Phoebe: We've all had them—those moments when we ask "How on earth did I get myself into this??" You might ask yourself this question when you stand at the end of a diving board, about to plunge into a cold swimming pool. Or when you take the stage at the school talent show and catch your first glimpse of the audience. Jonathan, the thirteen-year-old main character of Avi's The Fighting Ground, experiences one of these moments in a BIG way. Of course, his situation is of a more serious nature—he finds himself in the middle of a bloody battle of the American Revolution. And he actually chooses to be there! His loving parents want him to stay safe at home, but Jonathan cannot ignore the local tavern bell calling men to arms. Why does he want so badly to be a soldier? Does being a soldier turn out to be everything he thought it would be? Will he survive his daring plunge into the brutal war? You will know the answer to these questions by the time you reach the final page of this terrific novel. The entire story takes place in a twenty-four-hour period—the most intense twenty-four hours in a boy's life.

Some of you might be thinking, "War stories don't interest me," or "I have nothing in common with this kid." Well, I don't like war stories either. Avi's novel is not just another war story. And you might have more in common with thirteen-year-old Jonathan than you think. Have you ever been in a hurry to be treated as an adult? Have you ever had a difficult experience that taught you a valuable lesson? Have you ever felt conflicted inside? If you answered yes to one or more of these questions, then you do have something in common with Jonathan. The Fighting Ground is a novel about growing up and learning through experience. It is about finding the true meaning of courage. It is about discovering that people and situations are not always either right and wrong, or good and bad; they are usually far more complicated. These meaningful themes, combined with an exciting plot and a unique format, make The Fighting Ground a novel worth reading.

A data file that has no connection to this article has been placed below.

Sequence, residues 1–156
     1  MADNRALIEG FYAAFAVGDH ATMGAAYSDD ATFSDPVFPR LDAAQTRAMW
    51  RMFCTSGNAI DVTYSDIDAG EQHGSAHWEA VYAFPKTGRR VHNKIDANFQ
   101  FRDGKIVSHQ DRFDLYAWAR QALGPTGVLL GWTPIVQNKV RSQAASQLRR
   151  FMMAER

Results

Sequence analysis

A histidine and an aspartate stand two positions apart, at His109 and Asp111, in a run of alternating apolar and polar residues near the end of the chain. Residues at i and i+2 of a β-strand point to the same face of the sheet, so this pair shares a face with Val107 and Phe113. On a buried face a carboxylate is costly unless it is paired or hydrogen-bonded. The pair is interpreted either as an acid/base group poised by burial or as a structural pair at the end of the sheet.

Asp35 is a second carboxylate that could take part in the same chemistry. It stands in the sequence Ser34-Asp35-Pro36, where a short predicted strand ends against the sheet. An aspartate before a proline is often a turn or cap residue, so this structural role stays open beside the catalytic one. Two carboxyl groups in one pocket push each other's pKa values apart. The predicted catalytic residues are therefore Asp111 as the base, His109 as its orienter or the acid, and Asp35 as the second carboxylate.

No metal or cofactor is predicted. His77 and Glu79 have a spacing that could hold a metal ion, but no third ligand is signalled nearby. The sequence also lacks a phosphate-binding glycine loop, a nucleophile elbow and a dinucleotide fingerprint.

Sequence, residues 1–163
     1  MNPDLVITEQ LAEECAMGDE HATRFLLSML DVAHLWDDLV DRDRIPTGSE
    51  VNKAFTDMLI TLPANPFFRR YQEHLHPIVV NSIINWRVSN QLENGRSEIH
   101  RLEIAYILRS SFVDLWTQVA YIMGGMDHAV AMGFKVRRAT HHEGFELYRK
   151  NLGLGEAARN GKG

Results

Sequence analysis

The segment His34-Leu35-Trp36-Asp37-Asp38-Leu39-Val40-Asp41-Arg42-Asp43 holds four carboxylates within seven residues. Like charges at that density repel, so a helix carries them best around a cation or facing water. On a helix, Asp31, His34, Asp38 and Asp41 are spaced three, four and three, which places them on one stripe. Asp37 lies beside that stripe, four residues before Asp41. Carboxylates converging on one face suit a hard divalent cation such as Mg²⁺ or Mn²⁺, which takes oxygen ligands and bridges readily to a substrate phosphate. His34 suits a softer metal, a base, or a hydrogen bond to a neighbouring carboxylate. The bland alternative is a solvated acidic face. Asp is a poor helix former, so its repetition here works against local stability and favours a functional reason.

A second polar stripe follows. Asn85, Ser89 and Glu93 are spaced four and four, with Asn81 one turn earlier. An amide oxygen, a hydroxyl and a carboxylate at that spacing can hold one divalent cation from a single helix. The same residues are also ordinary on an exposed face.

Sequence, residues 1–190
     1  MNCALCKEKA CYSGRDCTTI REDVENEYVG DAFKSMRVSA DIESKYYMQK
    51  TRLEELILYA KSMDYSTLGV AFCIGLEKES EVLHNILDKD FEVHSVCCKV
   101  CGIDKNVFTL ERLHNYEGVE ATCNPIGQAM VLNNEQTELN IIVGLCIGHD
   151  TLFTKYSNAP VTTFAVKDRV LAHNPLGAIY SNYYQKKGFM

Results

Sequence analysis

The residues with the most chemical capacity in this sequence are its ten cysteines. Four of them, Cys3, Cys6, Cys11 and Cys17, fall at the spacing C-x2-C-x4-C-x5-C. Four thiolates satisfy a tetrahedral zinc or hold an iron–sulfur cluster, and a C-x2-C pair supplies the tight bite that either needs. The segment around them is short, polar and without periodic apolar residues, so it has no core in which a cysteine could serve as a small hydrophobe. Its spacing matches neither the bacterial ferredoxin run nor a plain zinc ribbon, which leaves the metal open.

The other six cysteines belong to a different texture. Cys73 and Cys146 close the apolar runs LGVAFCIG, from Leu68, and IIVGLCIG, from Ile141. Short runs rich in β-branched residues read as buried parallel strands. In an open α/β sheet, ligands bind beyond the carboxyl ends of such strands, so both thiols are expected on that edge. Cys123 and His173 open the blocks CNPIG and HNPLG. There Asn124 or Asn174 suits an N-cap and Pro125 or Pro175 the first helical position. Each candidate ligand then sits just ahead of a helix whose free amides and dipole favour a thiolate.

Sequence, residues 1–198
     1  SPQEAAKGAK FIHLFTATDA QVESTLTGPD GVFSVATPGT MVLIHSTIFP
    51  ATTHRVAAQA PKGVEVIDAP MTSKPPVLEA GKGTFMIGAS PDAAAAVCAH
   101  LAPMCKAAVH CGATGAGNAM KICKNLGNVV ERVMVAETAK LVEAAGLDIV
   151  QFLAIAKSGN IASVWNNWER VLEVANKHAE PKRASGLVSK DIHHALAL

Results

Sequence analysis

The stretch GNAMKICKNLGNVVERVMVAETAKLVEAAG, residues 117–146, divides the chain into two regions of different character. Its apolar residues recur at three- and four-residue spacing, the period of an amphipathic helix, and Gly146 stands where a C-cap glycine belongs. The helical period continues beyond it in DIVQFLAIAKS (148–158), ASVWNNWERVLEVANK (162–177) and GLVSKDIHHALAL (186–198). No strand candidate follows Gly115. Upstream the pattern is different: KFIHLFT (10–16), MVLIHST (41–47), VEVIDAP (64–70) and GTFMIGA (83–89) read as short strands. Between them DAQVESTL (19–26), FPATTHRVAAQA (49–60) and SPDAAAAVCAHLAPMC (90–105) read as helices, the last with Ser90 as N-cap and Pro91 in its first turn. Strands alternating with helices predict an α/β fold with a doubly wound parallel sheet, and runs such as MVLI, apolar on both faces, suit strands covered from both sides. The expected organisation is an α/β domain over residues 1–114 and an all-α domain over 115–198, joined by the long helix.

Planet Book Club Reviewer Charles

Hey—this is Charles. I like to write poetry, play football, play drums, and cook. I'm really good at making spaghetti sauce. My goal is to be a famous author and chef someday and get invited to give talks and speeches all over the country. I would really like to read one of my poems at a presidential inauguration. I would also like to write a book that combines recipes, poetry, and short stories. Here's what I have to say about The Fighting Ground...

Charles: I've always wanted to be one of those reviewers who is quoted on the back cover of a book. They always sound so wise and important. And, the quotations they give are so short, how much of the book do they really have to read? I will craft my comments with this goal in mind.

"Staggering drama . . . Avi hits a home run . . . he sketches a striking portrait of a boy's struggle for survival . . . it is a lesson about life . . . it would make a fine video game."

I'll be submitting my comments to Avi's publisher, so look for them when the next edition of the book comes out.